Fort Gerhard is one of the most significant monuments in Świnoujście. It was built in the middle of the 19th century to protect the entrance to the port. It was designed by Gerhard Cornelius, after whose name the building is named to this day.
Fort Gerhards is only a part of the Swinoujscie fortress. Along with the lighthouse, it is one of the most important historical monuments of Świnoujście. It was also the main facility guarding the entrance to the port of Świnoujście. It is a well-preserved fortress, built in 1848-1859. The idea of the construction was given by the architect Gerhard Cornelius van Wallrave, famous in the 18th century, who also drew up its plan. Among other things, he was also the author of the project for the expansion of the fortress in Kłodzko (Glatz). In his honor, the eastern fort was also called "Fort Gerhard".
The fort has the shape of an oval two-storey redoubt. It originally had two wings and a drawbridge leading over the moat to the main entrance, a courtyard and three towers. Because of its location, it was exposed to direct, regular attacks from the enemy. Therefore, the fortress was constantly expanded. In 1881, two caponiers were added, i.e. earthen structures placed transversely in the moat, which served for shooting and defending the entrance to the fortress. Two bunkers were built at the southern and northern ends of the fort, connected to the fort's inner courtyard by an underground tunnel. At the turn of the 19th and 20th centuries, a narrow-gauge railroad was led to the fort and telegraph connection was installed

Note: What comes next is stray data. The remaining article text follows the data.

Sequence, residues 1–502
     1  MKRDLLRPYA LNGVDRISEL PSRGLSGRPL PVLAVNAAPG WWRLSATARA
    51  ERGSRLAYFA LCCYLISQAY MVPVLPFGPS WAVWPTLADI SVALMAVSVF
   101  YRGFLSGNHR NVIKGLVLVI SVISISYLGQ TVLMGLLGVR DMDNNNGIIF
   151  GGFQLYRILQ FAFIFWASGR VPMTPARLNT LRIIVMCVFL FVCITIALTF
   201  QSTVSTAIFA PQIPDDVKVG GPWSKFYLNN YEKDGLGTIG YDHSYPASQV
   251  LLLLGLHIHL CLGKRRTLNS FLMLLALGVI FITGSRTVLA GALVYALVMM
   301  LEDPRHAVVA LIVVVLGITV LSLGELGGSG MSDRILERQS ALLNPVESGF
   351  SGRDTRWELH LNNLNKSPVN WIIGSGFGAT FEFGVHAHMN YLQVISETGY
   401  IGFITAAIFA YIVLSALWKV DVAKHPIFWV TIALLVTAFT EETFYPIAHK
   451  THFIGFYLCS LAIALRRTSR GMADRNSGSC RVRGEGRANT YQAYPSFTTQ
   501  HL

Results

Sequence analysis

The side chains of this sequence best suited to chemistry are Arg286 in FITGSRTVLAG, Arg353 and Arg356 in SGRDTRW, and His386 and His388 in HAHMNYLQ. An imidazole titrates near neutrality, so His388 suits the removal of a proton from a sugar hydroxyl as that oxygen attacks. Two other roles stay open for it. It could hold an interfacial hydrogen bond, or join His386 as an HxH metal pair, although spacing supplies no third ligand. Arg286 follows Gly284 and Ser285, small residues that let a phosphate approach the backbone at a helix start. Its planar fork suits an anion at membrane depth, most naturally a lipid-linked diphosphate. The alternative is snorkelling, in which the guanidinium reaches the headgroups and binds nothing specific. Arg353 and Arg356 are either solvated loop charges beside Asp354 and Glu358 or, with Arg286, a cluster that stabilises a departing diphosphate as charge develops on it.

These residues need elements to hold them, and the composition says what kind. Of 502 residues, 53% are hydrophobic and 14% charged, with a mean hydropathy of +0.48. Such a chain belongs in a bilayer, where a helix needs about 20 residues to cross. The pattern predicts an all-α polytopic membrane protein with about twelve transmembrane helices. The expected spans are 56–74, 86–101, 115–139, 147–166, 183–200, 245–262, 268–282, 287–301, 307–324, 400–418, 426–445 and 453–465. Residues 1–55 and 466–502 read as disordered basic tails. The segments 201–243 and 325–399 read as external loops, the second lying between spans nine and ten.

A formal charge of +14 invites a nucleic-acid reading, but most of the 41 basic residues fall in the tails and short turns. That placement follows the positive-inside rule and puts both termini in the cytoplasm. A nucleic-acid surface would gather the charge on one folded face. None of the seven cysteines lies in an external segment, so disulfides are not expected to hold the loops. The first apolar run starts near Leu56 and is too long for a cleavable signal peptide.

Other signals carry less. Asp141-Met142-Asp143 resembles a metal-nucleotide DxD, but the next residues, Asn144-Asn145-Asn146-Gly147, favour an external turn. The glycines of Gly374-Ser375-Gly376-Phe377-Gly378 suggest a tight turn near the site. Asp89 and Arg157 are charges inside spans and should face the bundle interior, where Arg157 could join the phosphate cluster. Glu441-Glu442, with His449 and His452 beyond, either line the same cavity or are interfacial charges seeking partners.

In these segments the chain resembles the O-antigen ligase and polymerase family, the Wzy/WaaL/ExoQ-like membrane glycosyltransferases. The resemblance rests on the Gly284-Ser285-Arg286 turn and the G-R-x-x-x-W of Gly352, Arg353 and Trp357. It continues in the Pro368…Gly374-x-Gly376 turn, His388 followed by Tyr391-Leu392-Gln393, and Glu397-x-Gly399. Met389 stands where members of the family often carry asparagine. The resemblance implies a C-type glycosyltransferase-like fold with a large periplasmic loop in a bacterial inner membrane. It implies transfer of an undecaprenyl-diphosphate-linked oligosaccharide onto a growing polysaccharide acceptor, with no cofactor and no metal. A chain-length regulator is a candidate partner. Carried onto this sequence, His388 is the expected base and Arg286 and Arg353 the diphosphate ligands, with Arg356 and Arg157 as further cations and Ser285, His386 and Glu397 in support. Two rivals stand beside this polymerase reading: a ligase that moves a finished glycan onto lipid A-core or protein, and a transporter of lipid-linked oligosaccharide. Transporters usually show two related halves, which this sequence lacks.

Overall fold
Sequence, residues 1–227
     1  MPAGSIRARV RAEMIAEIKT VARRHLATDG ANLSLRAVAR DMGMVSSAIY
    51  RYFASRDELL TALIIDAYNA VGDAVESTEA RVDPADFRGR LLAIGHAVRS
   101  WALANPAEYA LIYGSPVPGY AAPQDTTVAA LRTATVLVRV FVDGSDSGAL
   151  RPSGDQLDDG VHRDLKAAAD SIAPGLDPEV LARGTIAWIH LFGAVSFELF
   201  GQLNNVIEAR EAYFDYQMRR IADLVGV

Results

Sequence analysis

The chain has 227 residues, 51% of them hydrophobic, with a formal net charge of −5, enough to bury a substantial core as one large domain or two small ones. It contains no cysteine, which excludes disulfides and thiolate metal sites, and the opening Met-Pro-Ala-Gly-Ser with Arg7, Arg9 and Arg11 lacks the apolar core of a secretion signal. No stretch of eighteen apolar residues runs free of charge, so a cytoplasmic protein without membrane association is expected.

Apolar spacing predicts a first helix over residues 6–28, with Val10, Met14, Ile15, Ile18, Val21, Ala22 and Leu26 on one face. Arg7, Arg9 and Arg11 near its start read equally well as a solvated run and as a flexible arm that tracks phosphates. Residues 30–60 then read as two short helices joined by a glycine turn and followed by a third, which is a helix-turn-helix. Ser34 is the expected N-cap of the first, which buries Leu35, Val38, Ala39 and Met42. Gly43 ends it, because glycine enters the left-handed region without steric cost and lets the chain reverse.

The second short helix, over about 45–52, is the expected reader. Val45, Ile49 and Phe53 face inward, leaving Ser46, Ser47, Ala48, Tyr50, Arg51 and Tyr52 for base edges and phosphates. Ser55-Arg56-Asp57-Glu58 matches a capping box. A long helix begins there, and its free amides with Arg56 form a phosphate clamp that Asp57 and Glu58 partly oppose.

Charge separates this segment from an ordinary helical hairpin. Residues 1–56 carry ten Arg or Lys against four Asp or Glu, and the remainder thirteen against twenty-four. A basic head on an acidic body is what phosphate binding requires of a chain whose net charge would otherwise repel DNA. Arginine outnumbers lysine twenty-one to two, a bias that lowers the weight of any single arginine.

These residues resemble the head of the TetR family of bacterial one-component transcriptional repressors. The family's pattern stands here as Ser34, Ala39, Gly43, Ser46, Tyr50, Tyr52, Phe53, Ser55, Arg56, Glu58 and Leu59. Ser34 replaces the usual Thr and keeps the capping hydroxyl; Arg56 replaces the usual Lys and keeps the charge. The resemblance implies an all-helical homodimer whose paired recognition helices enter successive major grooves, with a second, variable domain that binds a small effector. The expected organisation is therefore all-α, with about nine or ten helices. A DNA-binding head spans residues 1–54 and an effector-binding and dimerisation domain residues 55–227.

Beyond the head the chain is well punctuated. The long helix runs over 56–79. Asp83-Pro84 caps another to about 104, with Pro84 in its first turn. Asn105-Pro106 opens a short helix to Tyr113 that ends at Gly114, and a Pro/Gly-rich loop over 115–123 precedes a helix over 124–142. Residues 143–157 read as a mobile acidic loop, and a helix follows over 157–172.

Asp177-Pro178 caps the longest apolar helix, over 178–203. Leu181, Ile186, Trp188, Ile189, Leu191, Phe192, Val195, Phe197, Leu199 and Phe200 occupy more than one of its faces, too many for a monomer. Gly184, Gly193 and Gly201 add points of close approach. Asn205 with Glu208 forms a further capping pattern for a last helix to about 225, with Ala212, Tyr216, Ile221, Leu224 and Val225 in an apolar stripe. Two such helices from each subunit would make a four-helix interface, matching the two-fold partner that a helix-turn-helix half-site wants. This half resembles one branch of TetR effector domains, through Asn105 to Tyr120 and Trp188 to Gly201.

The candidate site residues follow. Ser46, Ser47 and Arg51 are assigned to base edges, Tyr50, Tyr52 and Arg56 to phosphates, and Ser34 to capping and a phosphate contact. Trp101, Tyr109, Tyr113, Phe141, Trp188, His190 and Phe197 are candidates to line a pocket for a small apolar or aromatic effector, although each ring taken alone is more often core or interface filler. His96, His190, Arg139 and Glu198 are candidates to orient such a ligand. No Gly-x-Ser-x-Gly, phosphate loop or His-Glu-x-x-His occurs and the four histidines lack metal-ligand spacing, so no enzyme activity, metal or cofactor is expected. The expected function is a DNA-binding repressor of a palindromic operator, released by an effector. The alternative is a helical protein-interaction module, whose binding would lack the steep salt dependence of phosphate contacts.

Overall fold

After the war the fort was handed over to the city. At first, camps were set up there. Later the object was abandoned. In 2001 a lot of changes took place. The fortress was leased by a group of enthusiasts, who opened its doors to visitors a few months later. One of the most interesting places of living history education was created. Visitors to the fort learn about history under the watchful eye of a "Prussian soldier" who shows them around the property and also "drills" them if necessary.
In 2001, the Coastal Defense Museum was established in the fort. It is the largest private institution of its kind in Poland and includes over 2000 exhibits on the development of the Swinoujscie Fortress over the last 300 years. In the fortress we can see: one of the best preserved artillery banks in Europe - a series of stone and brick emplacements for 150 and 210 mm caliber coastal guns with preserved artifacts of various gun emplacements; a small courtyard with casemates under the artillery gallery; ammunition and powder magazines in the western wing of the fort; two artillery stations and former firing positions for field guns on the southern rampart of the fort above the southern caponniere; in the drill yard the wreck of the transporter SDKFZ 7/2 recovered from the sea near Dziwnów in 2006.
The tour of the fortress takes about 75 minutes, additional time must be added for the museum visit.
Other similar attractions await military and history lovers in Świnoujście. Three of the four forts built in the 19th century have been preserved to this day. All of them are open to the public.